Brett: Yes. This is the lovemaking of a shy man. [He would like to remove Irene, too] from his life because he can’t waste his precious energies on emotion. But Irene sings divinely, and that means a very great deal to him because he loves music.
The interesting thing about this is, why the two disguises? Don’t forget, these [stories] were written pre-Freud. You mustn’t over-analyze because that can cripple. But this is my estimation. He uses a groom–a rough animal which he’s not–for the approach. He then [disguises himself as] a priest. I think the priest is a spiritual element used as Holmes chooses to get near to her.
I’d love to go back and do that film again because there are so many things in it. When he pretends to be hurt, Irene comes very close. The actress, Gayle Hunnicutt, wears a scent called “Bluebell” by Penhaligon. Holmes is affected by this–his senses are acute–and he becomes disoriented and fails to get [the compromising picture of Irene Adler and the Grand Duke]. Holmes covers his error. He says he’ll go back. But she has cheated him and gone away. She’s a very remarkable woman. Holmes changed his whole code of ethics about women after meeting her, but he does this at a cost. The question is, is it worth the cost?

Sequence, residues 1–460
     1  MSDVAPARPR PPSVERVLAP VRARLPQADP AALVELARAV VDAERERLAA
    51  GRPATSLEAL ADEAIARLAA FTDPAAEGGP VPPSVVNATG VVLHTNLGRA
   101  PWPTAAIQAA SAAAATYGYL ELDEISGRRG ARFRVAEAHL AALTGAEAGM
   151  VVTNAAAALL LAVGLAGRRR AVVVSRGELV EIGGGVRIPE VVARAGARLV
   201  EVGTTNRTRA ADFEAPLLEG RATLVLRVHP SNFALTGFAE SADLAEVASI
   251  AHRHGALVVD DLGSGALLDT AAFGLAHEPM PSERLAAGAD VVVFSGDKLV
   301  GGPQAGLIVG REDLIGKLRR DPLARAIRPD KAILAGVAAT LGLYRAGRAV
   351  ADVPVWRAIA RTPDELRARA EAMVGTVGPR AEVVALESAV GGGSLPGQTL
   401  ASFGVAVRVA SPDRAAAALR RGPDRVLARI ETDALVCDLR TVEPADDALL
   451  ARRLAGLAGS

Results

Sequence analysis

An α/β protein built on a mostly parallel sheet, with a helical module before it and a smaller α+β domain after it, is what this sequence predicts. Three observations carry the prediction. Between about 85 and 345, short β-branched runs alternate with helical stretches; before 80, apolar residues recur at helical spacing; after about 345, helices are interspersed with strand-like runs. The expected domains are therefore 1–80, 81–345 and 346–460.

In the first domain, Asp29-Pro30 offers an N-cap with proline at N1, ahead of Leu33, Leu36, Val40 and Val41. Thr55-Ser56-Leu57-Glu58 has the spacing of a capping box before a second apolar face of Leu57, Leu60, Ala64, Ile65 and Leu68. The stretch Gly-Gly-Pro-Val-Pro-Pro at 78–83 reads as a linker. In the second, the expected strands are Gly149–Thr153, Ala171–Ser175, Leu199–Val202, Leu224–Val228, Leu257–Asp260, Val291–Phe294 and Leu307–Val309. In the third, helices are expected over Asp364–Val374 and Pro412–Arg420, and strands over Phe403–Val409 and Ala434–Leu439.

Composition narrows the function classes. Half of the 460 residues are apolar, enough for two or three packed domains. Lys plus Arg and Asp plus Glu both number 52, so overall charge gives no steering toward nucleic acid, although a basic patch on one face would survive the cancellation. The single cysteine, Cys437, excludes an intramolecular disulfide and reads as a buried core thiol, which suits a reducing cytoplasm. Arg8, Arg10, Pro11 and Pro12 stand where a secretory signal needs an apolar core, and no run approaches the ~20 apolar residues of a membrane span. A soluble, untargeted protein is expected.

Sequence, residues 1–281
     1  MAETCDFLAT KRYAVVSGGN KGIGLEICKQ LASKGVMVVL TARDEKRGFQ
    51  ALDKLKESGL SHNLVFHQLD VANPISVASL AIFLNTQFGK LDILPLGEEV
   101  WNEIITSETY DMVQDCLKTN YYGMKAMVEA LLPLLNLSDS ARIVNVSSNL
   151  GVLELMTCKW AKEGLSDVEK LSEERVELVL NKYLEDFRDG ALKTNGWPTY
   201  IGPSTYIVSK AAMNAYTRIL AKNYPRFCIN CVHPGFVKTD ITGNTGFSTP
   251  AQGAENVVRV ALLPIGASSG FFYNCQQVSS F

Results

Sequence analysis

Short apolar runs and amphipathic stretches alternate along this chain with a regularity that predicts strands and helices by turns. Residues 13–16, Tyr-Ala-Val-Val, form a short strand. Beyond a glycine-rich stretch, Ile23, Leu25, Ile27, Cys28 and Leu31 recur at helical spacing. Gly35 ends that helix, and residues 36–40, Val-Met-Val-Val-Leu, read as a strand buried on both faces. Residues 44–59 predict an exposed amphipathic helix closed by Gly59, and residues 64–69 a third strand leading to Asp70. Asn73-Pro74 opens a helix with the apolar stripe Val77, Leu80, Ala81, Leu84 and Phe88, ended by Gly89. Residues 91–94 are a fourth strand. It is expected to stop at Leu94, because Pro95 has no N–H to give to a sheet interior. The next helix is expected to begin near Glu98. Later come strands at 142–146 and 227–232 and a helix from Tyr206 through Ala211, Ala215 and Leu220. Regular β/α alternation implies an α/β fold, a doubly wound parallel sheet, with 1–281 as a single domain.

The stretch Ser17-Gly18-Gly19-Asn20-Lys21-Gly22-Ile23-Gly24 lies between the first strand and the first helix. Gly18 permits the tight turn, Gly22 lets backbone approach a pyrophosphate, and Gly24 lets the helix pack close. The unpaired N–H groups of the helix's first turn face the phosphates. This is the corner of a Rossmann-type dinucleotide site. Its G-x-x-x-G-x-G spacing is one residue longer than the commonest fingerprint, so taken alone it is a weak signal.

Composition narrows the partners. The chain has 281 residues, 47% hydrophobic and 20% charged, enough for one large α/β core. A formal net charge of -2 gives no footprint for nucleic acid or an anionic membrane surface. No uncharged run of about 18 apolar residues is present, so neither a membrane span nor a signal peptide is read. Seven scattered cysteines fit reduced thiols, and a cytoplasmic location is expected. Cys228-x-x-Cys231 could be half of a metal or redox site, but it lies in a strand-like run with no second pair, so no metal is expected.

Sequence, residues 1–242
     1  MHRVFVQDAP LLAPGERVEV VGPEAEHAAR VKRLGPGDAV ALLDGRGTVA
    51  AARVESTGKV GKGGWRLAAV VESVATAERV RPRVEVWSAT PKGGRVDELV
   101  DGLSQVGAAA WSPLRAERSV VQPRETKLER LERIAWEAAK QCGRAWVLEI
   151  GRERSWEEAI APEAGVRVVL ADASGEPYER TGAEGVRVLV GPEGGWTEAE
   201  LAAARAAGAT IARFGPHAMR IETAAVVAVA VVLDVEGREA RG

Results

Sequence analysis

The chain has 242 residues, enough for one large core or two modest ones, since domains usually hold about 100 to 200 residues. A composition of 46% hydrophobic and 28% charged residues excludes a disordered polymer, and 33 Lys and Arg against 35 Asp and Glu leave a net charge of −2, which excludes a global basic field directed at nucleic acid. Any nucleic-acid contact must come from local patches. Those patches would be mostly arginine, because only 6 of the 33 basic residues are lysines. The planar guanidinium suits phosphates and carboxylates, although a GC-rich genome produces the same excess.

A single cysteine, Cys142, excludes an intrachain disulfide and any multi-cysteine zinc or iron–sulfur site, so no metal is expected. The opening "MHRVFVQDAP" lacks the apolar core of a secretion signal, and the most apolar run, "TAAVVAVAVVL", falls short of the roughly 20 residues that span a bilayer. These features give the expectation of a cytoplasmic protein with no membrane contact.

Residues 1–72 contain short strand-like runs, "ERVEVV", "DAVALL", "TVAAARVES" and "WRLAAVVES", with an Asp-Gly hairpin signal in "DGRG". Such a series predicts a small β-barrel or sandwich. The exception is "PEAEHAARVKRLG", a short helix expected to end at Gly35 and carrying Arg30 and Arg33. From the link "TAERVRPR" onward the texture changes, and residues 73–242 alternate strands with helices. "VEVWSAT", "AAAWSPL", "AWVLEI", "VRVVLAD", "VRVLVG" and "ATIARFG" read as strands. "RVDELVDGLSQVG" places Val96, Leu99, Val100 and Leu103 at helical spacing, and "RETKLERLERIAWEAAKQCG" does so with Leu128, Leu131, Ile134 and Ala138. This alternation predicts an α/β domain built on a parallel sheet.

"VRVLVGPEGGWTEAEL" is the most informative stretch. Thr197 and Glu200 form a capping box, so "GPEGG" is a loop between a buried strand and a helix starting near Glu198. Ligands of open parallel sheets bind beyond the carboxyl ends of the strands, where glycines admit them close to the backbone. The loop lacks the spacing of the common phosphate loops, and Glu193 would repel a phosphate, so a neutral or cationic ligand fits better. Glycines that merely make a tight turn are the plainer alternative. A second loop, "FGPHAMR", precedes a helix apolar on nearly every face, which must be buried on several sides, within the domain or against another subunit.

John Mortimer, who wrote Rumpole of the Bailey, said if you move in the circle of crime you learn the ways of the criminal mind and you are touched by this, you are tarnished by it. Holmes has to deal with people in distress, therefore he’s colored by that, too. And as the stories move along, you get Moriarty [who represents] the final element of evil. Holmes is to be erased. In comes the biggie, Moriarty. And in “The Final Problem,” you see Holmes facing death.
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Herbert: And what do you feel is his attitude toward death?
Brett: Well, I play him–well, that’s giving it away. Holmes knows that Moriarty’s network will get him. So very sweetly he says, “Listen, Watson, I’m going to leave the country because I don’t want to endanger you.” But then he turns around and says, “Do you want to come with me?” So the answer is, yes, hes scared. And then he uses the Reichenbach Falls as one of the greatest coups of all times. But that’s another story.